The value of community-engaged history is a major theme being explored in the Community History program during the month of June. On June 5, 2023, Community History program staff and previous participants took a trip to Grounds for Sculpture for the New Jersey Association of Museums annual conference to present a panel on the value of community-engaged history as a tool for museums.
Representatives from Rutgers Geology Museum, Raices Cultural Center, and William Trent House each discussed their experiences doing community-engaged work and how it allowed them to deepen their relationship with their communities and for community members to “see themselves” in their organization’s projects and programming. Each organization explained how the process of community-engaged history opened opportunities for dialogue with community members by giving them the space to tell their stories and discuss the kind of history that they wanted to learn about themselves.
These are the kinds of conversations that current cohort participants are having with their communities. Union Public Library will expand their existing neighborhood chats to focus on stories of immigration and to gain community feedback on ways of preserving and sharing these stories with the wider public. Indian American Club also focuses on immigrant stories and will host two community conversations this summer focused on the connection between immigrants and the business community.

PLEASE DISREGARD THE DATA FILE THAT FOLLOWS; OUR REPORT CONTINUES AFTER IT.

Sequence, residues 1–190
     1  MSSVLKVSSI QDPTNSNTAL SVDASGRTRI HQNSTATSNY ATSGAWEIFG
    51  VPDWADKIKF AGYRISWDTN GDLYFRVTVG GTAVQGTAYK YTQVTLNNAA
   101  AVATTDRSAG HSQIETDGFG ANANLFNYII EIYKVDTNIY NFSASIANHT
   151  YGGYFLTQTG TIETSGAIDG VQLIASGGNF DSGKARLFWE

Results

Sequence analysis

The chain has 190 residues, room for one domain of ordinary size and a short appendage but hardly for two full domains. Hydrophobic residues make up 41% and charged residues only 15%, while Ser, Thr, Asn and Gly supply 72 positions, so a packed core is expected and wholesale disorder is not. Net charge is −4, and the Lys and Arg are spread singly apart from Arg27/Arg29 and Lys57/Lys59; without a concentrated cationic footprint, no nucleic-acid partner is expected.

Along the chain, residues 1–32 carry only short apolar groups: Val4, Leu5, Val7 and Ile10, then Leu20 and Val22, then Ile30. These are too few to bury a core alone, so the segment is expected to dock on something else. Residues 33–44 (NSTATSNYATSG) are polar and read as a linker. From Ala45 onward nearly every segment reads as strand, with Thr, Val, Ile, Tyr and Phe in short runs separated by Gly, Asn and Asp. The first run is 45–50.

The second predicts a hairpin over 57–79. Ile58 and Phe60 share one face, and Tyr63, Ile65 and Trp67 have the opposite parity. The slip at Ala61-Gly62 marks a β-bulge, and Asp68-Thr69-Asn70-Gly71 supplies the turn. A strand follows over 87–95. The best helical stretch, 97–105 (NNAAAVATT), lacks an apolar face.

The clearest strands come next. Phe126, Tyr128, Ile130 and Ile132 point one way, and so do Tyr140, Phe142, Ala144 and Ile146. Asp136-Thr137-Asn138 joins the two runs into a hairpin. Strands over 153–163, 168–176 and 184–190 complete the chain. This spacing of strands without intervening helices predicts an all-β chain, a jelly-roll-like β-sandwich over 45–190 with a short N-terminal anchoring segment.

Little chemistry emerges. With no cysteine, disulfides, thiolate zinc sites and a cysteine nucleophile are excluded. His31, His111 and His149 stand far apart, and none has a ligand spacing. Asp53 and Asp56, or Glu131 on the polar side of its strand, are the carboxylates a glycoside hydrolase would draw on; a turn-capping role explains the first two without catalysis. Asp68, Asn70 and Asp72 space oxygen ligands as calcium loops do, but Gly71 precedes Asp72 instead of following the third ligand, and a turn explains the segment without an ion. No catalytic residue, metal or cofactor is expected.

Participants from Shady Rest, the country’s first African American owned and operated golf and country club, will be testing out multiple ways of gathering and sharing the diverse histories of their space to see what garners interest from their stakeholders, whether its significance as an early nineteenth century farmhouse, Black history hub, or all the above. Haddonfield Public Library is focusing on their role as a community hub by developing a toolkit and resources for community members and organizations to be able to tell their own stories.
This month has also been one of change and adaptation. Being responsive to communities is a foundational practice in the Community History program, and we live that within the program as well. We were sad that Washington Township Public Library had to leave the program due to staffing limitations, but we are pleased to announce that TRUE Mentors is (re)joining the cohort! TRUE Mentors originally participated in the Community History program in 2021, engaging Hudson County youth with their local and personal history. They had their own staffing challenges during their first time in Community History and hope that in rejoining the program, they will be able to re-engage the youth they work with to feel represented in and connected to their communities.
The “new” cohort looks forward to continuing the work of their projects and learning from other community-engaged projects, including the Battle of Red Bank Archaeology Project, this July!